Monday, April 9, 2007

Marillion Somewhere Else released

Somewhere Else


Released: April 9, 2007

Peak: -- US, 24 UK, -- CN, -- AU

Sales (in millions): --

Genre: neo-progressive rock


Song Title [time] (date of single release, chart peaks) Click for codes to singles charts.

  1. The Other Half [4:23]
  2. See It Like a Baby [4:32] (3/6/07, 45 UK)
  3. Thank You, Whoever You Are [4:51] (6/11/07, 15 UK)
  4. Most Toys [2:47]
  5. Somewhere Else [7:51]
  6. Voice from the Past [6:21]
  7. No Such Thing [3:58]
  8. The Wound [7:18]
  9. The Last Century for Man [5:51]
  10. Faith [4:11]

All songs written by Hogarth/Rothery/Kelly/Trewavas/Mosley.

Total Running Time: 52:03

The Players:

  • Steve Hogarth (vocals, percussion)
  • Steve Rothery (guitar)
  • Pete Trewavas (bass)
  • Mark Kelly (keyboards)
  • Ian Mosley (drums)


2.867 out of 5.00 (average of 17 ratings)

Awards: (Click on award to learn more).

About the Album:

“With Somewhere Else Marillion have played to their strengths and cut one of their very best records. With their innate sense of drama and pomp tempered by a winning melancholy, Marillion have produced a set of rich and vivid soundscapes. Somewhere Else is a genuinely remarkable testament to Marillion’s enduring creativity and crystal vision and Pete Trewavas, Ian Mosley, Mark Kelly, Steve Rothery, and Steve Hogarth have yet again proved that they are slaves to no-one, instead being prophets calling proudly in an uncaring musical wilderness.” AZ

“This album sees the band give their music more space to breathe without it feeling sparse.” VR “Excellent guitar rock, the occasional subtle drum computer, the nice string arrangements in the backgrounds, and the lovely live sound of the instruments – suddenly all the pieces come together and the puzzle's complete: this is Marillion's sound for the future!” TM

“Maybe the most surprising element of this album is its production; producer Mike Hunter seems to have managed to give the band a fresh and modern sound, which is quite the opposite of the dark and warm sound that Dave Meegan achieved on Marbles…People have compared it to the ‘live’ sound of the band and it sounds indeed far more dynamic than any of the other recordings…The songs included here have this really psychedelic yet modern feel to them.” TM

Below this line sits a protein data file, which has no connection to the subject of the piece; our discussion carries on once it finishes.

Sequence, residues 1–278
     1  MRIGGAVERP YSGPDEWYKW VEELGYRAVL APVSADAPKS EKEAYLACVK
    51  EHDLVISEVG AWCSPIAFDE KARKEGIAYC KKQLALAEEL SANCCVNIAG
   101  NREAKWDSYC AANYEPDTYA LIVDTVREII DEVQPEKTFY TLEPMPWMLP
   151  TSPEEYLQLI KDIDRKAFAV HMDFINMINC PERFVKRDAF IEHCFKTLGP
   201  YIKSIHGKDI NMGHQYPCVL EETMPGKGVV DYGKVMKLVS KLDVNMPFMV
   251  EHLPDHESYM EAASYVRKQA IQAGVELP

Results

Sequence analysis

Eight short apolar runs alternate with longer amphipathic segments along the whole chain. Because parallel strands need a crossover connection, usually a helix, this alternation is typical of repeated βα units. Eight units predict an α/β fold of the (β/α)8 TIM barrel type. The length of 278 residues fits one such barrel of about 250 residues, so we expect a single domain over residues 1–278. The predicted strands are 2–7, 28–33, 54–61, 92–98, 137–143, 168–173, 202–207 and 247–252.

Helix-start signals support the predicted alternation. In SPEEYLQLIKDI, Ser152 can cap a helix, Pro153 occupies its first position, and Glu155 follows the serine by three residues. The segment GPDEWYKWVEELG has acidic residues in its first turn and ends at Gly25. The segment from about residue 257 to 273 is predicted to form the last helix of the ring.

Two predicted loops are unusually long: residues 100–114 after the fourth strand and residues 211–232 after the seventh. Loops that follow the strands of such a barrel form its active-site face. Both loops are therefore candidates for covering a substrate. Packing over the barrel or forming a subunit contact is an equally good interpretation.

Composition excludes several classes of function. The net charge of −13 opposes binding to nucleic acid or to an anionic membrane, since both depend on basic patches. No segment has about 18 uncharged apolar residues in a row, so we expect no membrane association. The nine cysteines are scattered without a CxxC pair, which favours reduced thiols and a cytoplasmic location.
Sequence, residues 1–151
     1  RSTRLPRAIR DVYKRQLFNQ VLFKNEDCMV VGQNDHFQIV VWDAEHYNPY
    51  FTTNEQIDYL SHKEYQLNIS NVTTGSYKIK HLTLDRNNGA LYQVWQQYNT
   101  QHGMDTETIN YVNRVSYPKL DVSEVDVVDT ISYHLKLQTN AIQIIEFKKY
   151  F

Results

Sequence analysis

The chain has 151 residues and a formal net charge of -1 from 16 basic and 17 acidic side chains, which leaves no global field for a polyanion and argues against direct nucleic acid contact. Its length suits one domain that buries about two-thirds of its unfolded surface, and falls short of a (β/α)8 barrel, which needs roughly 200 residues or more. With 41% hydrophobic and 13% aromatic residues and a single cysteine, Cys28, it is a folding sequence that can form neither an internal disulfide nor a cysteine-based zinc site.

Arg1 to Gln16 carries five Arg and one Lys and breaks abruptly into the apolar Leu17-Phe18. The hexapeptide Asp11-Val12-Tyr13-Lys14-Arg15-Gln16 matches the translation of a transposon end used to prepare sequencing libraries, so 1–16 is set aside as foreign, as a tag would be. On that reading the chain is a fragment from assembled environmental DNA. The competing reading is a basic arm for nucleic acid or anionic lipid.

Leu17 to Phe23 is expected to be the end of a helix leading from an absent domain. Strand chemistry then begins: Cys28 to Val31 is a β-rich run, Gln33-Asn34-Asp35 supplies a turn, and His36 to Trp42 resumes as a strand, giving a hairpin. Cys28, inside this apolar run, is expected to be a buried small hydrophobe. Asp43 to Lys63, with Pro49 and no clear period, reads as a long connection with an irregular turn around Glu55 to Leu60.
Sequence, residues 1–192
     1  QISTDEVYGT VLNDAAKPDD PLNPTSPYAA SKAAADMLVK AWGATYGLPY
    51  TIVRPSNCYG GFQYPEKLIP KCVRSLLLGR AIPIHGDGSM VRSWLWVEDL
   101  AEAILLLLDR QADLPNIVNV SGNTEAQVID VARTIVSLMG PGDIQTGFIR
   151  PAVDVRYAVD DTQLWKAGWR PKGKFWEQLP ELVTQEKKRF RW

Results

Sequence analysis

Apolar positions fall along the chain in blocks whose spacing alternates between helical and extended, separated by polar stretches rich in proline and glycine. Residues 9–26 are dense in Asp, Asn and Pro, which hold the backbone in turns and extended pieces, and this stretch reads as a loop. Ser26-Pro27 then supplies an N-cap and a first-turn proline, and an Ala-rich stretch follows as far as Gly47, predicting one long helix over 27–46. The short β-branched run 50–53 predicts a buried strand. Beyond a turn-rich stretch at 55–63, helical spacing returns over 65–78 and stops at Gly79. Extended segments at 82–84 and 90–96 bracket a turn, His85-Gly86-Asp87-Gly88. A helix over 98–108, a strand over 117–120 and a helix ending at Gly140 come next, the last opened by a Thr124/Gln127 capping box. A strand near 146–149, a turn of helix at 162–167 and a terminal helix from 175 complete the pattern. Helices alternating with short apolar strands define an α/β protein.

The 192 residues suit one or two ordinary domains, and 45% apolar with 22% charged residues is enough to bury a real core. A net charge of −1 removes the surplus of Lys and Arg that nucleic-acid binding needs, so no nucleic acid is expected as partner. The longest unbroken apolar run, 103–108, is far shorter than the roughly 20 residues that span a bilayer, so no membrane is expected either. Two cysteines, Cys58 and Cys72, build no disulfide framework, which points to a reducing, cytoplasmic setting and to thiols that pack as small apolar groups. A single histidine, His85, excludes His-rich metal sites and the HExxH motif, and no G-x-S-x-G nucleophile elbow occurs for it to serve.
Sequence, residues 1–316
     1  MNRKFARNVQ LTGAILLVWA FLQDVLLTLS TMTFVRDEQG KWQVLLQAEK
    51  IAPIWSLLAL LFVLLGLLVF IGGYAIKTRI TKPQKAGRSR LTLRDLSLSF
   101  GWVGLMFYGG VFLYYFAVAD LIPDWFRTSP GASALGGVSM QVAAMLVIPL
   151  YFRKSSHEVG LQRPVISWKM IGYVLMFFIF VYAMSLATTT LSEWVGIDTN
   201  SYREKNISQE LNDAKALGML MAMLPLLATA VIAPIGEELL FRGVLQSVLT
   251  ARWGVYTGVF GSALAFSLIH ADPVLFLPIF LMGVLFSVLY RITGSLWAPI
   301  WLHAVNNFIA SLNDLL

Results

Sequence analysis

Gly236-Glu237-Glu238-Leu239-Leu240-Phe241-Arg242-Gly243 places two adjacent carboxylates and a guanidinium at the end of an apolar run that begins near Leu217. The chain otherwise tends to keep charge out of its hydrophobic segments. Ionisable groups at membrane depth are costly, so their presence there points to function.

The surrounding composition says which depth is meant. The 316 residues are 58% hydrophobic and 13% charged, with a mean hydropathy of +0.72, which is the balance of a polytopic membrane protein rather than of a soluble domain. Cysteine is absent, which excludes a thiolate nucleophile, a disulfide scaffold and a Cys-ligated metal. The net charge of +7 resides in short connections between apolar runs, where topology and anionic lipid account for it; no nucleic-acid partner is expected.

“As with a lot of Marillion albums, the first listen failed to make an instant connection…THIS IS A GOOD SIGN THOUGH. Holidays in Eden made a great first impression (it’s very commercial) but has failed to stand the test of time as a true Marillion classic. Brave, on the other hand, took ages…but…is unstoppable once it’s got you. This album could be the same.” BD

Lead single See It Like a Baby finds Marillion “innocently crooning through the verses and crying out the choruses.” VR It “has chart potential as does Most Toys,” VR which is “really the only track on the album that shows any sort of ferocity or rock vibe.” VR It is “quite good apart from the fact that it seems to have no beginning. It starts in the middle (the first word is BUT) and so it appears to be a song based on a chorus. It would perhaps have been a better choice for the single than ‘See It Like a Baby’, if it had an intro and first verse.” BD

“That said, the rest of the album has some great tracks” BD with some “unusual and almost experimental sounds…such as the ‘underwater’ vocal” BD on the “darkly soulful and sleepy” VR No Such Thing. The song is “carried by Rothery’s straight and direct riff complemented by an almost sine-wave keyboard sound which lifts the listener into a dreamy and relaxed state.” BD

Thank You, Whoever You Are “is notable [for] the chorus…and the piano melody…[and] the guitar solo in the middle.” VR It was released as the album’s second single.

The title track “is an instant new era Marillion classic, combining elements of the epic ‘Ocean Cloud’ and the airy ‘Neverland’ tracks, but dipped in a sauce of ‘This Is the 21st Century’ electronics” (Mulder).

The Wound harks back to previous albums with its opening guitar riff sounding a little like the riff in ‘Season’s End’; while the opening vocal conjours up memories of ‘Accidental Man’ in it’s approach but not in its content. It’s a great fusion which makes for a great track.” BD

The last track on the album is quiet and understated Faith.” VR The song “was written a while ago and fans have been waiting for it to be put onto an album. It’s found its place here.” BD “Vocal and acoustic guitar only. Contemplative. Beautiful and reassuring. A couple of minutes in and the track swells with the usual drums, rhythm and echo on the vocal, every piece of this song is delicate and perfectly crafted.” VR “It’s a touch of genius…[that] ends the album on a great note, and really gives the listener something to think about.” BD

“Each and every song is not what they at first might appear to be.” TM “There are plenty of lovely long tracks that you can get lost in.” VR “They aren’t lengthy... they aren’t overly complex... yet they aren’t exactly radio friendly either... Yet on first listen it might appear that Marillion have gone in a…modern rock direction with Somewhere Else, but in a while the listener will discover that this is just trademark Marillion with all those classic elements.” TM

Notes: A limited edition of the CD included a DVD with three live performances of songs from the album.

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First posted 3/14/2008; last updated 3/6/2022.

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